Photo credit to Chris DeRuyscher.
The Professional Rodeo Cowboys Association held the 2020 Wrangler National Finals Rodeo at Globe Life Field on Dec. 3-12. The culmination of the rodeo season features the top 15 contestants in bareback riding, steer wrestling, team roping, saddle bronc riding, tie-down roping, barrel racing and bull riding competing to take home top honors and their share of a multi-million dollar purse.
“Bandit is very appreciative of having the opportunity to be a part of this very prestigious event,” said Bandit Lites Business Development Officer Brent Barrett. Bandit Lites designed and supplied the lighting for the spectacle, sending Elation Proteus Maximus IP 65s, Elation ACL 360 Bars, Lycian M2 spots as well as two grandma 2 lite consoles.
“The Elation Proteus Maximus was the workhorse of the rodeo this year, providing everything from crowd ballys to fill and backlight for broadcast,” explained Chris Noll. “They were also loaded with custom PRCA gobos, utilized primarily during doors to help fill the space on the dirt.”
While the event was held indoors, the IP rating on the Proteus Maximus provided much needed protection from dust, especially since accessing the fixtures would have been a challenge once the rest of the production had loaded in.
“The Elation ACL360 Bars were the eye candy of the rig with their tight beam angles and infinite movement,” Noll said. “They were used primarily during hype videos to add to the Proteus in ballys or provide movement while the spots were called on for other tasks.”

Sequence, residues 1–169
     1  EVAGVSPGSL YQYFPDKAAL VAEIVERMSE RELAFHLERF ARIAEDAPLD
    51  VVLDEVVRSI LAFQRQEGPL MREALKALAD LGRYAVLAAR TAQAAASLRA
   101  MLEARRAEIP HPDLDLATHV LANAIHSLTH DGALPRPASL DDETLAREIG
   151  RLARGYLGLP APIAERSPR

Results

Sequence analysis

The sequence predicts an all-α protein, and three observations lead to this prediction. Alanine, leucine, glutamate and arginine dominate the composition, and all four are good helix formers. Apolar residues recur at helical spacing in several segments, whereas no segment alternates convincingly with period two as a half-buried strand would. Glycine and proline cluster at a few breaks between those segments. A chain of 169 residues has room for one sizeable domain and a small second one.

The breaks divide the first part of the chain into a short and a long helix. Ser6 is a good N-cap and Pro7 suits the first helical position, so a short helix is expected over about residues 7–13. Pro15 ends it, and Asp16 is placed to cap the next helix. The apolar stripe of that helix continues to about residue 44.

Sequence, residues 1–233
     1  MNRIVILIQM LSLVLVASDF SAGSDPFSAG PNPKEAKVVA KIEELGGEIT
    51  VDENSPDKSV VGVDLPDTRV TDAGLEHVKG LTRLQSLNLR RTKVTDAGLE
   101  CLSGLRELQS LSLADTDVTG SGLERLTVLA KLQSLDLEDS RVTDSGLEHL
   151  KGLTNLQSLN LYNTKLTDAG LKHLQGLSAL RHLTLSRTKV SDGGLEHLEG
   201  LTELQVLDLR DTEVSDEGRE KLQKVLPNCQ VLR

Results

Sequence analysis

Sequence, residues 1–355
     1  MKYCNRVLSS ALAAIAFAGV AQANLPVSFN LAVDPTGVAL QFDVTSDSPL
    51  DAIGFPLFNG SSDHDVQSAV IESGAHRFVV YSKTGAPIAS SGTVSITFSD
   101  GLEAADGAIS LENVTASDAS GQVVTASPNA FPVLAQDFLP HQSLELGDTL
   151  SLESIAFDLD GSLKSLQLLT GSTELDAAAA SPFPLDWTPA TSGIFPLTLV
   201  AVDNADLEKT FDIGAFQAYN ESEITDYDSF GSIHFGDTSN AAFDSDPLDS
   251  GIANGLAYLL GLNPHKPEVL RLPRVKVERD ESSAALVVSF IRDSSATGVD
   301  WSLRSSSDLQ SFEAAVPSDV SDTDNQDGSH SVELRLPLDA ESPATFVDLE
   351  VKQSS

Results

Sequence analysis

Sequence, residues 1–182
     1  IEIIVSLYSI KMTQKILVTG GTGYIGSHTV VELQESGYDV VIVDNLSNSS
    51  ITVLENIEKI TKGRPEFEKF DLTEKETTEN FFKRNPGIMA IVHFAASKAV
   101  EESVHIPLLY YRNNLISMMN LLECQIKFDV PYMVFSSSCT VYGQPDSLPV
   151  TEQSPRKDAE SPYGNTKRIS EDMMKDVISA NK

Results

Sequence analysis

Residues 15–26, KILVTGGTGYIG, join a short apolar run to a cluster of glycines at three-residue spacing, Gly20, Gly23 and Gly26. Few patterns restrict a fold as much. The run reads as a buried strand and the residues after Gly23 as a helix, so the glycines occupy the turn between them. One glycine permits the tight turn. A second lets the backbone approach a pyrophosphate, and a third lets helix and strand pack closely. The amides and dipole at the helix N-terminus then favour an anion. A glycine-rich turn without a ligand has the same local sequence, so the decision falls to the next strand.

In addition to choosing hardy fixtures, Bandit’s team had to ensure the lighting could fill out the massive arena space while accounting for sky cameras. Trim height had to be over 90 feet and trusses towards the center so as to not impede the wires supporting the cameras as they moved about the arena, meaning all the front light was to come from the follow spots on the concourse.
Prior to each opening, the team would frame out a rough sequence of events and a final look, allowing the producers and opening show caller opportunities for input. Then the team would go back through and build out each of the individual looks and clean up transitions to get it show ready.
“The lighting was an ever-evolving thing as we were adding new elements every night, each of which had different requirements lighting wise,” Noll said.
And while Noll joked this “wasn’t his first rodeo” (while noting it technically was his first rodeo), he maneuvered his way through all the unusual challenges a rodeo can bring with aplomb and confidence.
“The main difference on this show compared to every other show was the need to work around the horses and animals in the production,” he said. “Tasks like tracking four riders carrying flags get more complicated when their horses don’t like being lit in certain ways or seeing movement off to the sides. We adjusted looks several times to make sure the riders and their horses felt comfortable.”